The passing of secret signals by washing


On the balcony I hung a white sheet
it curled up onto the roof as a sail
with the sound of clapping.

I hung a pink waffle towel
it had been given to me
like the organs of my body
by my mother.

I hung clothes for running
with cryptic pockets and pillowcases
from which the chubby pillows had been delivered.
And I hung socks that said to each other
o yes, I spent many years in the belly of a shoe.

Sometimes on the line I hung sad underwear.

And on the seventh day I pegged out
a red and white striped shirt
that bore a small monogram saying HERO
and the shirt on the line waved its arms and sang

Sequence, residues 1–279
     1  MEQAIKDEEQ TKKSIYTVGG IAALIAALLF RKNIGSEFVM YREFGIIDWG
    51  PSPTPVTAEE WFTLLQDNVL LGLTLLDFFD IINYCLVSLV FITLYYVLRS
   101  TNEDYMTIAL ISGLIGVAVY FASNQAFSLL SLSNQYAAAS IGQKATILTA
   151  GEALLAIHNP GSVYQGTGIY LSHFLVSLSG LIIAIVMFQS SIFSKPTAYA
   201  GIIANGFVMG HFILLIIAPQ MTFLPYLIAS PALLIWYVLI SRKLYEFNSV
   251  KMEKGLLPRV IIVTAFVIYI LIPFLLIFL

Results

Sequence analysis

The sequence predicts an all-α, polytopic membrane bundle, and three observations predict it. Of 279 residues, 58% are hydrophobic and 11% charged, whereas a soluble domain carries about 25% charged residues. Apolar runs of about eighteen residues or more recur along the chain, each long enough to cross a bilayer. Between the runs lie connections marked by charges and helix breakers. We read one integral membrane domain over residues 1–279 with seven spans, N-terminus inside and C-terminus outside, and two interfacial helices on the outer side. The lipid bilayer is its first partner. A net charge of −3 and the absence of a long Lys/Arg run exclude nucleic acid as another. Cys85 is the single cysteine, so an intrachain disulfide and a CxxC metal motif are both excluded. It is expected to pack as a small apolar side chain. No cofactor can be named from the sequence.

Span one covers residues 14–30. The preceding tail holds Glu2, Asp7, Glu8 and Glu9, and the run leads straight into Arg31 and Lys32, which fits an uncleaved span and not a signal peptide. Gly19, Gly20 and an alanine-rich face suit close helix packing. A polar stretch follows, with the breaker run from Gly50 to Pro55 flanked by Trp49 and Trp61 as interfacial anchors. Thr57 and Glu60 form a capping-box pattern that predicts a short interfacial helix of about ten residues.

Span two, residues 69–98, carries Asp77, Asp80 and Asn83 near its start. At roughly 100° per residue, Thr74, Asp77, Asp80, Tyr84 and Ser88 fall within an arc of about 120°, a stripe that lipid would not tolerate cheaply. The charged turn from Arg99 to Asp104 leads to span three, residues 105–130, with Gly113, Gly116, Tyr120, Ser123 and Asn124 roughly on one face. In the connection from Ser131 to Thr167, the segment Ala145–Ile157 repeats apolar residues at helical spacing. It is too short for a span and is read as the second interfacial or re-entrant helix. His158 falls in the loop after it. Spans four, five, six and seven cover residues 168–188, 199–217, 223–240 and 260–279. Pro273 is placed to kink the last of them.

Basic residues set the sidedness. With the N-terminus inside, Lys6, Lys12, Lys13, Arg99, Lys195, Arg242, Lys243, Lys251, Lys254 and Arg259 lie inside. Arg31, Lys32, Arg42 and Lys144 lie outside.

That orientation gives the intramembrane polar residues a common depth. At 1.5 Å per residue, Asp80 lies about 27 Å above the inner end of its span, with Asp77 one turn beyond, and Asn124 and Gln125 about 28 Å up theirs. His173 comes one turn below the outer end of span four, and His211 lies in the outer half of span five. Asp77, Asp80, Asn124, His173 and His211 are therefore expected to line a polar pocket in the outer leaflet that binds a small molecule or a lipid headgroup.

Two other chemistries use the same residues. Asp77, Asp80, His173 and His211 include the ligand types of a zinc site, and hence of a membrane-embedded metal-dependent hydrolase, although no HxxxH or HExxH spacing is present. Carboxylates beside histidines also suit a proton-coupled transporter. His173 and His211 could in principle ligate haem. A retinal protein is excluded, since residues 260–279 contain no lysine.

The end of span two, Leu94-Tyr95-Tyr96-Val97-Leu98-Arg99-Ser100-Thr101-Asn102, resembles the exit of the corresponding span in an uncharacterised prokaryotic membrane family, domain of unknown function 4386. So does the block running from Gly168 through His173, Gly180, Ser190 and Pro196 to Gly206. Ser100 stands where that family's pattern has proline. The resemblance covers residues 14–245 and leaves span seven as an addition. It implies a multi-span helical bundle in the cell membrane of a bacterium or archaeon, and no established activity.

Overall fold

come into my life like a pirate.

Listen to Kate Camp read ‘The passing of secret signals by washing’


Kate Camp was born in Wellington in 1972. She has published two collections of poetry, Unfamiliar Legends of the Stars (1998), and Realia (2001), with Victoria University Press. Unfamiliar Legends of the Stars won the Jessie Mackay Award for Best First Book of Poetry at the 1999 Montana New Zealand Book Awards. She was the University of Waikato Writer In Residence for 2002. Camp has also contributed to the Montana Essay Series in 2002 with an essay entitled ‘On Kissing’, and is currently shortlisted for the 2004 Prize in Modern Letters.